here is the 2 layers version of the Software. Do give it a try.
I've been using EAGLE (v4) for a few years under Linux and Windows, starting with the freeware version and then upgrading for larger PCB support.
It's very easy to learn, and has its own online community of users who upload their own device definitions, so that if the part you want isn't already in the included libraries, if it's a popular part, it's probably on the website for free download.
The PCB layout editor draws straight line signals between pins that are presently unrouted based on a shortest path rule, and the routing function uses a 'snap-to' to select the closest unrouted signal - this makes simple layout sections (such as short parallel bus lengths) very quick, but can be quite frustrating when you want to start routing from another point in the signal. Fortunately a command entry option allows this to be overridden. The next most annoying feature is that flood-fills are re-evaluated whenever you ask for the unrouted signals to be re-drawn - only usually a problem when you make significant changes to an existing layout.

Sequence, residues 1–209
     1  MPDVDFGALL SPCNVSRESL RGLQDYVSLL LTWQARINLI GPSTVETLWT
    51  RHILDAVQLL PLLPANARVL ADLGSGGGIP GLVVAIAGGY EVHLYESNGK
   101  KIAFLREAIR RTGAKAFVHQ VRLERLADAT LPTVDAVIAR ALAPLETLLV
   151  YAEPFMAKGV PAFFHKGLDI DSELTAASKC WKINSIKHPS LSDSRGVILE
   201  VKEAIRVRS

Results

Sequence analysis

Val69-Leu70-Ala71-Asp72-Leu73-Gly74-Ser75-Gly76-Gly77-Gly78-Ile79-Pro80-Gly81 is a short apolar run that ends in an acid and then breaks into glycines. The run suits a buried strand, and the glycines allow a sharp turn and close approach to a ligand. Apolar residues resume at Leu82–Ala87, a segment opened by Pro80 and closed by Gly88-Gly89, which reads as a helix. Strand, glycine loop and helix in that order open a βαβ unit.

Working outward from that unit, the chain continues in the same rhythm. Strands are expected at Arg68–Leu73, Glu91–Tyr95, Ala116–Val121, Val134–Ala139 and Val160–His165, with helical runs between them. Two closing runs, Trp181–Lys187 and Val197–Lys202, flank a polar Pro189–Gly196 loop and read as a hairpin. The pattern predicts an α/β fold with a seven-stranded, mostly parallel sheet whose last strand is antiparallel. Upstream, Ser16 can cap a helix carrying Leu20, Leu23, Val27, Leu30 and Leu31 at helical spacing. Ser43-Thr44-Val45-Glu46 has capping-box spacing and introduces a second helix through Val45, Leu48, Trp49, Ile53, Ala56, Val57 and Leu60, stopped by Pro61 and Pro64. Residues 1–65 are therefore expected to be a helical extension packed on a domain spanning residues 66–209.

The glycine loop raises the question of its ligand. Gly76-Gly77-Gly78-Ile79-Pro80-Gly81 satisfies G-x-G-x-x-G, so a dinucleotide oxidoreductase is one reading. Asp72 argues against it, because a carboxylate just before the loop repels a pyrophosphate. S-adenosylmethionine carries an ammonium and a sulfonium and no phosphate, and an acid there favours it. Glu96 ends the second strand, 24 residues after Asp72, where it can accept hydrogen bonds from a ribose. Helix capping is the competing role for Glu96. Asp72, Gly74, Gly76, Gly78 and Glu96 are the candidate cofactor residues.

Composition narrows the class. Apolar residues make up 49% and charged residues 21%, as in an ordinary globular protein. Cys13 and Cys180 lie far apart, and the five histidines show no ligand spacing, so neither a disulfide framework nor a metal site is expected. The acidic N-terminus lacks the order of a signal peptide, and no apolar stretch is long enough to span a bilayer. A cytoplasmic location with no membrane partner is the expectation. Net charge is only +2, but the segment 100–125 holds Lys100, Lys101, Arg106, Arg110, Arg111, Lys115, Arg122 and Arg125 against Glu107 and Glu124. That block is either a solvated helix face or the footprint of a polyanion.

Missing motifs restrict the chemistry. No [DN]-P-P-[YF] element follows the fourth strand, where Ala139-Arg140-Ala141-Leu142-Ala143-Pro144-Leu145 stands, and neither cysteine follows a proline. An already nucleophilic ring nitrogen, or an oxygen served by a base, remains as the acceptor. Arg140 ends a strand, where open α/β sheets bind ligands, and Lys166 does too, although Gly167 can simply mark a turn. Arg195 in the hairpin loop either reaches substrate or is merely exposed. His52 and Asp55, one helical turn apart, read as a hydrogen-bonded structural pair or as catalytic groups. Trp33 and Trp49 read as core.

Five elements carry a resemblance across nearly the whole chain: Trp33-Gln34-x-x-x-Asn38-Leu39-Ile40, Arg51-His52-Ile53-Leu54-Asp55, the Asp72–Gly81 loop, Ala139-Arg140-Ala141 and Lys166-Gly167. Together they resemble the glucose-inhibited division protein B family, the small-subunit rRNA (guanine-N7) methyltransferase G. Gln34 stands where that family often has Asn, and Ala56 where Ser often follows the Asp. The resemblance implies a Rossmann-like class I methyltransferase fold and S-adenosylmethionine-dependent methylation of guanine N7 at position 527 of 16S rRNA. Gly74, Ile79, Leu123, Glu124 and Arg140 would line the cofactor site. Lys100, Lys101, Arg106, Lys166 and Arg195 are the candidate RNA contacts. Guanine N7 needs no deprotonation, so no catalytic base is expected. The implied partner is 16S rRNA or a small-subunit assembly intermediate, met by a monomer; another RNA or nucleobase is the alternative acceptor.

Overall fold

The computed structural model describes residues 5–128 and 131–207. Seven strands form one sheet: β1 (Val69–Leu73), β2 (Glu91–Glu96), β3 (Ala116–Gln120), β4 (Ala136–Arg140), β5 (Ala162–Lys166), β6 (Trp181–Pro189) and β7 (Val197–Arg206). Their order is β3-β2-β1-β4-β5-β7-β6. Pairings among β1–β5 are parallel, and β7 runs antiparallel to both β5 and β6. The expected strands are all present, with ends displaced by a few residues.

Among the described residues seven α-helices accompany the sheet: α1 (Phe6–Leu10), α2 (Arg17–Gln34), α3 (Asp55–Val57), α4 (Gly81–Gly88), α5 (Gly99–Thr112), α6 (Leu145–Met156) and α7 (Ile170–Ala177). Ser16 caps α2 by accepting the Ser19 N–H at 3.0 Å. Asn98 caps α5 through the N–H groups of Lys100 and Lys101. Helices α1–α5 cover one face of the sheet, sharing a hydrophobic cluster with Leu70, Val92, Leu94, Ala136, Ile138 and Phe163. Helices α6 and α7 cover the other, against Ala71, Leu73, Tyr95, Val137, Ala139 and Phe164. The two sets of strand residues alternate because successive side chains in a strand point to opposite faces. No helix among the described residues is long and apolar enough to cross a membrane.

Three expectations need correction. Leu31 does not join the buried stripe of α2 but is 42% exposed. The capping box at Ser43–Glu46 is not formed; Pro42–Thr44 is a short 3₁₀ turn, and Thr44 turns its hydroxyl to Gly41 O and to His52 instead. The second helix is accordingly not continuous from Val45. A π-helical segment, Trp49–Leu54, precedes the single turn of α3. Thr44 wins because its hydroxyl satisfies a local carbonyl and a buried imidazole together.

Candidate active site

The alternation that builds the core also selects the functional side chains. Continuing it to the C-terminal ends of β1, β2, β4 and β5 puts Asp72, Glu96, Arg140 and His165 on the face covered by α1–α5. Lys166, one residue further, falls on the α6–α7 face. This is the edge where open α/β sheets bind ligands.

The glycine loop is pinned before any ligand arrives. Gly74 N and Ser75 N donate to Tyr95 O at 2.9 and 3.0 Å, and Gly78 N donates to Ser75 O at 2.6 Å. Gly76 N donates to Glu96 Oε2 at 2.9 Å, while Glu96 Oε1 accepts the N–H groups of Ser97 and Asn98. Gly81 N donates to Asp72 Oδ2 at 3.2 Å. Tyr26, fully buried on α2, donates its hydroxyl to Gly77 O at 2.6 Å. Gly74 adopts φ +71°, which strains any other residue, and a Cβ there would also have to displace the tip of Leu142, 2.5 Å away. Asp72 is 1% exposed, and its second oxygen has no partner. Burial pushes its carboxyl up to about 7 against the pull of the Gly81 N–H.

Overall, I really like the package and have used it for many projects from tiny home-produced boards to professionally produced multi-layer with tin, stop and silkscreen. The auto-router is handy for inspiration (remember to save beforehand, as there's no undo on autorouted tracks) or the tedious bits that would involve lots of clicking but not much thinking. The schematic editor and layout editor are linked very well, allowing changes made in the schematic to automatically force changes in the layout, and device package specification can be changed from either allowing parts to be quickly swapped for ones of a different size. Basic rule checking warns of silly mistakes such as power supplies left disconnected or incorrectly wired.
Well worth having a play with if you're after a schematic and/or layout package that'll run on a regular PC and doesn't cost a fortune.